Blood gas tests, in which blood is drawn from an artery instead of a vein, can give your healthcare practitioner more information about your acid-base balance. They can tell your provider whether your lungs are working properly to keep oxygen and carbon dioxide at healthy levels.
If your bicarbonate is high or low, your healthcare practitioner will identify and treat the underlying cause. For example, high bicarbonate may be caused by emphysema, which may be treated with oxygen therapy and medications, or by severe diarrhea or vomiting, which would be addressed by treating the cause of the diarrhea or vomiting. Low bicarbonate may be caused by diabetic ketoacidosis, for example, which can be addressed in part by fluid and electrolyte replacement and insulin therapy.
Some drugs may increase bicarbonate levels including fludrocortisone, barbiturates, bicarbonates, hydrocortisone, loop diuretics, and steroids.
Drugs that may decrease bicarbonate levels include methicillin, nitrofurantoin, tetracycline, thiazide diuretics, triamterene, calcium inhibitors, anti-viral/HIV drugs, and valproic acid.
Sources Used in Current Review
2019 review by Patrick Sheehy, C(ASCP) and the Editorial Review Board.
(December 16, 2015) Drug-Induced Metabolic Acidosis. Pham, Amy Quynh Trang et al. Available online at https://www.ncbi.nlm.nih.gov/pmc/articles/PMC4754009/#. Accessed on 07/02/2019.
(May 17, 2002) Guidelines for Using Antiretroviral Agents Among HIV-Infected Adults and Adolescents. Centers for Disease Control and Prevention. Available online at https://www.cdc.gov/mmwr/preview/mmwrhtml/rr5107a1.htm. Accessed on 07/02/2019.
(November 20, 2017) Metabolic Acidosis. MedlinePlus Medical Encyclopedia. Available online at https://medlineplus.gov/ency/article/000335.htm. Accessed on 07/15/2019.
Sources Used in Previous Reviews
Thomas, Clayton L., Editor (1997). Taber's Cyclopedic Medical Dictionary. F.A. Davis Company, Philadelphia, PA [18th Edition].
Pagana, Kathleen D. & Pagana, Timothy J. (2001). Mosby's Diagnostic and Laboratory Test Reference 5th Edition: Mosby, Inc., Saint Louis, MO.
(1995-2004). Minerals and Electrolytes. The Merck Manual of Medical Information – Second Home Edition [On-line information]. Available online at http://www.merck.com/mmhe/sec12/ch155/ch155a.html?qt=electrolytes&alt=sh.
Ben-Joseph, E., Reviewed (2004 July). Dehydration. Familydoctor.org Information for Parents [On-line information]. Available online at http://www.kidshealth.org/PageManager.jsp?dn=familydoctor&lic=44&article_set=21646.
Webner, D., Updated (2003 August 18). CO2. MedlinePlus Medical Encyclopedia [On-line information]. Available online at http://www.nlm.nih.gov/medlineplus/ency/article/003469.htm.
A.D.A.M. editorial, Updated (2003 October 15). Electrolytes. MedlinePlus Medical Encyclopedia [On-line information]. Available online at http://www.nlm.nih.gov/medlineplus/ency/article/002350.htm.
Voorhees, B (Updated May 17, 2007). MedlinePlus Medical Encyclopedia: CO2 test, serum. Available online at http://www.nlm.nih.gov/medlineplus/ency/article/003469.htm. Accessed July 2008.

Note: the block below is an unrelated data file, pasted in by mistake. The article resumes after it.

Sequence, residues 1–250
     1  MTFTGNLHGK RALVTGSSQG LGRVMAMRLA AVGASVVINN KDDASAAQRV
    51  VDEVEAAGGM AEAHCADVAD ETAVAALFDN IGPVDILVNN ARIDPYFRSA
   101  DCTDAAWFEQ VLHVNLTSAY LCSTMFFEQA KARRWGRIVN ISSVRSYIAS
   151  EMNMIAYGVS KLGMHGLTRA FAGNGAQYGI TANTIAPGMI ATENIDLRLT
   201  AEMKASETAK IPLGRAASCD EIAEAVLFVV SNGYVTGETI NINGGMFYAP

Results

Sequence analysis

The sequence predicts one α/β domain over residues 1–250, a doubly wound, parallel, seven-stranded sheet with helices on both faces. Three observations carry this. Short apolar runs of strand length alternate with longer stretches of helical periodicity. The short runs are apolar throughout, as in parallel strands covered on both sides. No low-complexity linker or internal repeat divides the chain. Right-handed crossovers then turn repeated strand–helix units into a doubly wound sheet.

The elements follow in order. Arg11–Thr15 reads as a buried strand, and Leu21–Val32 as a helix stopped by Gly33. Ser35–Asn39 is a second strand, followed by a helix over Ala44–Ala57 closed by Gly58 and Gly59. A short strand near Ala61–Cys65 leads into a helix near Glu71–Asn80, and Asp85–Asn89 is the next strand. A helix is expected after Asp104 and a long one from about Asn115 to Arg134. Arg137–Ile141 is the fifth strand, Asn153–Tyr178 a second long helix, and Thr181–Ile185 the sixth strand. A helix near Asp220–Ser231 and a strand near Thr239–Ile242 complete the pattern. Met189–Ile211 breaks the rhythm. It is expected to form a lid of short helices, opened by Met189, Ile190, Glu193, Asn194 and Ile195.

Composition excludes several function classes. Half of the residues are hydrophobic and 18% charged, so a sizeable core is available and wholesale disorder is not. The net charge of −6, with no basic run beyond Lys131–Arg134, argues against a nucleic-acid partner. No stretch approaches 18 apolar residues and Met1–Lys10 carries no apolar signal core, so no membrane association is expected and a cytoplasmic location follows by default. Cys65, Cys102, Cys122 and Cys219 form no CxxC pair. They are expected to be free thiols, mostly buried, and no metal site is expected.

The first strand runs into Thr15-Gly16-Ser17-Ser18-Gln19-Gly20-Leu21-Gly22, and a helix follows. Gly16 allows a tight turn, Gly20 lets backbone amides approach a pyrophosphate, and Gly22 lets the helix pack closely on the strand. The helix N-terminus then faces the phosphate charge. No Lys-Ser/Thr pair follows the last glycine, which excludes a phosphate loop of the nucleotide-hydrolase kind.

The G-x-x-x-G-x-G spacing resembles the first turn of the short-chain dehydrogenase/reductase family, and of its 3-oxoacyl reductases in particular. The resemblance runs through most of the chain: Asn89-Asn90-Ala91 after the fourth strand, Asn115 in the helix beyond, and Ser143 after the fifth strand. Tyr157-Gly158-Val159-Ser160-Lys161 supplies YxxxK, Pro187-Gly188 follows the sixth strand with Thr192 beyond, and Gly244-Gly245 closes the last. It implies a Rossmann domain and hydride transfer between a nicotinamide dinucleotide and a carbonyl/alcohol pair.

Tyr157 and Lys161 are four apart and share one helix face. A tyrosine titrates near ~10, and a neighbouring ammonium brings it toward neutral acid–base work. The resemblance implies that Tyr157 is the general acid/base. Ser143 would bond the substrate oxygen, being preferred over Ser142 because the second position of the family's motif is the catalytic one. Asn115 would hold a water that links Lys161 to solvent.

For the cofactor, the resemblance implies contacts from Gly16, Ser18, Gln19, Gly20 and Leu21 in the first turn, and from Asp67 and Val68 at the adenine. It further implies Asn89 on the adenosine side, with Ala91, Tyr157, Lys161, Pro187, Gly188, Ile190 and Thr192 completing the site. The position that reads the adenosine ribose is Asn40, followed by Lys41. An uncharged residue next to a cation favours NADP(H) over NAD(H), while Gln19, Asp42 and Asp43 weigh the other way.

Clarke, W and Dufour D R, Editors (2006). Contemporary Practice in Clinical Chemistry, AACC Press, Washington, DC. Pp 321-322.
Pagana K, Pagana T. Mosby's Manual of Diagnostic and Laboratory Tests. 3rd Edition, St. Louis: Mosby Elsevier; 2006. Pp 157-159.
Pagana and Pagana. Mosby's Manual of Diagnostic and Laboratory Tests. Fourth Edition. Pp 152-154.
MedlinePlus Medical Encyclopedia. CO2 blood test. Available online at http://www.nlm.nih.gov/medlineplus/ency/article/003469.htm. Accessed September 2011.
Dugdale, D. (2013 April 29, Updated). CO2 blood test. MedlinePlus Medical Encyclopedia [On-line information]. Available online at http://www.nlm.nih.gov/medlineplus/ency/article/003469.htm. Accessed 10/15/15.
(© 1995–2015). Bicarbonate, Serum. Mayo Clinic Mayo Medical Laboratories [On-line information]. Available online at http://www.mayomedicallaboratories.com/test-catalog/Overview/876. Accessed 10/15/15.
Genzen, J. et. al. (2015 March, Updated). Metabolic Acidosis. ARUP Consult [On-line information]. Available online at http://www.arupconsult.com/Topics/MetabolicAcidosis.html. Accessed 10/15/15.
Byrd, R. and Roy, T. (2015 July 31). Respiratory Acidosis. Medscape Drugs & Diseases [On-line information]. Available online at http://emedicine.medscape.com/article/301574-overview. Accessed 10/15/15.
Lechtzin, N. (@ 2015). Exchanging Oxygen and Carbon Dioxide. Merck Manual Consumer Edition. [On-line information]. Available online at http://www.merckmanuals.com/home/lung-and-airway-disorders/biology-of-the-lungs-and-airways/exchanging-oxygen-and-carbon-dioxide. Accessed 10/15/15.
Quinn, A. and Sinert, R. (2015 July 27, Updated). Metabolic Acidosis in Emergency Medicine. Medscape Drugs & Diseases. [On-line information]. Available online at http://emedicine.medscape.com/article/768268-overview. Accessed 10/15/15.